Archive for the ‘serving’ Category

Victorian silver server, c.1850

Sunday, January 11th, 2015

This ornate sterling silver serving piece has a carved mother of pearl handle with an etched monogram. It was made during the Victorian period (1837-1901), most likely in England. Although I can not say for certain, its asymmetrical form suggests it to be a jelly server. It measures 8-1/2″ long.

At first glance you may wonder why this seemingly “perfect” server ended up in my collection of inventive repairs, but upon closer inspection, you can spot a subtle repair. The mother of pearl handle cracked in half at a fragile stress point and was reassembled using pins and a silver mount. Also, the neck has been replaced with two wires clumsily soldered to the blade. In my opinion, the pattern of the four pins on the front and the wonderfully shaped brace on the back only enhance the original design, adding a unique charm to this piece.

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Cut crystal compote, c.1900

Friday, June 7th, 2013

Sometime around 1920, an elegant 8″ tall crystal compote slipped out of the hands of a nervous hostess as she was serving stewed rhubarb to a dinner guest. The sudden drop to the floor not only embarrassed the hostess and stained the Persian carpet below, but also snapped the cherished heirloom in half. Luckily, her slightly annoyed but handy husband snatched up the broken diamond-cut decorated bowl and attached it to a recently discarded large wooden spool. Seeing that the marriage of crystal and wood needed further embellishment, he gilded the spool to help jazz it up. The now slightly less nervous hostess was able to enjoy the newly restored compote again, but from then on filled it only with butter mints…just to be safe.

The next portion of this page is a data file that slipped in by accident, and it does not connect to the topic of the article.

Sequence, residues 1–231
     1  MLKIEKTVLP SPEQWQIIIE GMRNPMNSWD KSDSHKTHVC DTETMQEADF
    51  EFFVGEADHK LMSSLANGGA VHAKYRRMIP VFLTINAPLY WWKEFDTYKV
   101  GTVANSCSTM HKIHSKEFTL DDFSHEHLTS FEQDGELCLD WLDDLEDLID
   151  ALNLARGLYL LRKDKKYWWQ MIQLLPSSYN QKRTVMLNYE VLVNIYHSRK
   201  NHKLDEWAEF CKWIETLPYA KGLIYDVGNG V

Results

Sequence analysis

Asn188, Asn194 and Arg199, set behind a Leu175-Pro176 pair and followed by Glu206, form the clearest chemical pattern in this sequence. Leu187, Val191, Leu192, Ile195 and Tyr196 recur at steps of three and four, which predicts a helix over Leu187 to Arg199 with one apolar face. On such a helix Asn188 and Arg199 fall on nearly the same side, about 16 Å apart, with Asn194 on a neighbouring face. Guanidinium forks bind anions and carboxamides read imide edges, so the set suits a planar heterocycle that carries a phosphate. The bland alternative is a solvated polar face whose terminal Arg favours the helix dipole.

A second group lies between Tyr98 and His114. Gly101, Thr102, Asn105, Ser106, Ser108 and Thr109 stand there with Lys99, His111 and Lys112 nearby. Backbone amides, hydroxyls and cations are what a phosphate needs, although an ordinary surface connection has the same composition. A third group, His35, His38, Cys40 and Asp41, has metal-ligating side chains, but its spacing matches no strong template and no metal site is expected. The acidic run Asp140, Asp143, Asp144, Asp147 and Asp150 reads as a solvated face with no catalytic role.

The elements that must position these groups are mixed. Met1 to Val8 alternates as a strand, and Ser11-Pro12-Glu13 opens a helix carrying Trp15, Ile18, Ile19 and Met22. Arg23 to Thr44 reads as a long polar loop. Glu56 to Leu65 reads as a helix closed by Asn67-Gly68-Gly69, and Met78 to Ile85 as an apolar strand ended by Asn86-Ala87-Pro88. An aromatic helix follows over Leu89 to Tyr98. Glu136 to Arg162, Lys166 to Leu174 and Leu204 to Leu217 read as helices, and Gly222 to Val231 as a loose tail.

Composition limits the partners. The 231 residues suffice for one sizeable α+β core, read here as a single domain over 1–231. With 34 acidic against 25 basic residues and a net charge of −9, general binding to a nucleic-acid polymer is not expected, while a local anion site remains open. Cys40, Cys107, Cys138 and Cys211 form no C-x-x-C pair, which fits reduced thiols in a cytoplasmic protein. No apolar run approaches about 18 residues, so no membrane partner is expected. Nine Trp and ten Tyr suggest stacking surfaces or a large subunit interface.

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This quartet of compotes shows a variety of original glass bases; perhaps one of which looked like mine.

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Photo courtesy of Laurel Leaf Farm

Miniature pearlware ladle, c.1840

Saturday, August 25th, 2012

English miniature soft paste pottery pearlware ladle from set of child’s dishes, measuring 3-3/4″ long and dating from the early to middle 1800s. The two broken halves are bound together by a criss cross of thin brass wire woven through 2 tiny holes on either side of the break. Small dabs of cement in each hole help secure the repair.

I pity the small child who briefly lost the use of their ladle during what might have been a fantasy feast. And I applaud the person who came to the rescue, making the two broken pieces whole again, thus allowing the imaginary dinner party to continue!